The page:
What Is Dialysis and When Do I Start?
What is dialysis?
Dialysis is a treatment that does some of the things done by healthy kidneys. It is needed when your own kidneys can no longer take care of your body’s needs.
If I have kidney disease, will I need dialysis?
In the early stages of chronic kidney disease (CKD), you do not need dialysis. The stages of chronic kidney disease can last for many years. But if your kidneys fail, you will need dialysis or a kidney transplant to keep you alive.
When should I start dialysis?
National Kidney Foundation guidelines recommend you start dialysis when your kidney function drops to 15% or less — or if you have severe symptoms caused by your kidney disease, such as: shortness of breath, fatigue, muscle cramps, nausea or vomiting. Your doctor will help you decide when to start dialysis, based on results of lab tests that measure how much kidney function you have left and on your symptoms.
If you are not having symptoms, you may be able to wait a bit longer before you begin dialysis. However, some doctors believe that starting dialysis as soon as insurance covers it is wise, since it can take a long time to recover if you let yourself get very ill. Since chronic kidney failure often happens slowly, sometimes people do not even know how bad they feel, until they start dialysis and begin to feel much better.
It is important to start getting ready for dialysis or a transplant well in advance — when your kidney disease reaches Stage 4 (severe, with glomerular filtration rate, or GFR, less than 30 mL/min). Learning about the types of dialysis and transplant options will help you make a choice that is best for you. Any type of dialysis will require surgery — usually outpatient — to allow access for your treatments, and this should be done well in advance to allow time for healing.
Once I am on dialysis, will my kidneys get better?
The chances that your kidneys will get better depend on what caused your kidney failure. Kidney failure is divided into two general categories, acute and chronic. Acute (or sudden) kidney failure is often temporary. In chronic kidney failure, the kidneys normally do not heal.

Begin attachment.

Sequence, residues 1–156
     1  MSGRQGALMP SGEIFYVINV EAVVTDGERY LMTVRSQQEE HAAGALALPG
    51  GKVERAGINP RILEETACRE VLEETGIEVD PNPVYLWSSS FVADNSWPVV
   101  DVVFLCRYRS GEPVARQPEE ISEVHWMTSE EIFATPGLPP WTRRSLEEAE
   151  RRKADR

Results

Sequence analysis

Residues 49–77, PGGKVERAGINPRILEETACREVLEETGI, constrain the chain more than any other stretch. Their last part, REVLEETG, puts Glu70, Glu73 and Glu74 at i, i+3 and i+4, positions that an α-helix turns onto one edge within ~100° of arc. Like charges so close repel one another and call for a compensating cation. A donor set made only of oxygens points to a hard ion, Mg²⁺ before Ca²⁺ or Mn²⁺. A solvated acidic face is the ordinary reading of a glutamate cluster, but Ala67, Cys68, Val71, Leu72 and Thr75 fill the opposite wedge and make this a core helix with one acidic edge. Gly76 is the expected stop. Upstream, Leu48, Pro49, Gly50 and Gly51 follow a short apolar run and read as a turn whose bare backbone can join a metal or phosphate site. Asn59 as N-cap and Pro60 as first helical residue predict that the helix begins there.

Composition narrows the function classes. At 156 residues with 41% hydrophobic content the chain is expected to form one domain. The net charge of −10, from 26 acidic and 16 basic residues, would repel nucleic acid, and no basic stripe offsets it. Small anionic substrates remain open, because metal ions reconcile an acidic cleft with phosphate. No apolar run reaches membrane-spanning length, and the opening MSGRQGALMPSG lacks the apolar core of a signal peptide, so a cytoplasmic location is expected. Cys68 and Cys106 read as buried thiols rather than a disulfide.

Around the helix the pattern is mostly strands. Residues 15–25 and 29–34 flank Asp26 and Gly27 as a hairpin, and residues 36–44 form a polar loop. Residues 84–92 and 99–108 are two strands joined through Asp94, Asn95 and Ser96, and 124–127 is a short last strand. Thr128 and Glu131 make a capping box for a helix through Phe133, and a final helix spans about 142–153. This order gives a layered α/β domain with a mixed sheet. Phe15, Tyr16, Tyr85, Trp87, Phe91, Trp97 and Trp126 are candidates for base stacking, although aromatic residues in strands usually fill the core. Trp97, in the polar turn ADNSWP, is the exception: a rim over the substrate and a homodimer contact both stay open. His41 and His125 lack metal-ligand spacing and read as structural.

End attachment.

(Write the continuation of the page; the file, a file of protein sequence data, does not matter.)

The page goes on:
In acute kidney failure, when kidneys stop functioning due to a sudden stress, kidney function may recover. But when the damage to your kidneys has been continuous and progressive over a number of years, as it is in chronic kidney disease (CKD), then the kidneys usually do not get better. When CKD has progressed to end stage renal disease (ESRD), it is considered irreversible.
Typical causes of acute (sudden) kidney failure
- Insufficient blood supply to the kidneys
- Obstructed urine flow
- Reactions to allergens, toxic substances, or an acute autoimmune attack on the
Typical causes of chronic (gradual) kidney failure
- Type I and Type II diabetes
- High blood pressure
- Glomerulonephritis (inflammation of the glomeruli, the tiny clusters of blood vessels that filter your blood)
- Polycystic kidney disease (PKD)
- Long-term autoimmune attack on the kidneys
- Prolonged urinary tract obstruction
If your chronic kidney disease was not diagnosed until you were at the point of needing dialysis or a transplant, then it may seem sudden to you. However, the gradual injuries to your kidneys that occurred over a number of years caused permanent damage.
If you have acute kidney failure, you may need dialysis for only a few days or weeks while your kidneys recover. If your kidneys are too badly damaged to recover their function, then you will need long-term dialysis or a kidney transplant to live.
If it seems that your kidneys are recovering, talk to your doctor to learn whether it could be true. Tests can be done to determine whether your kidney function has improved.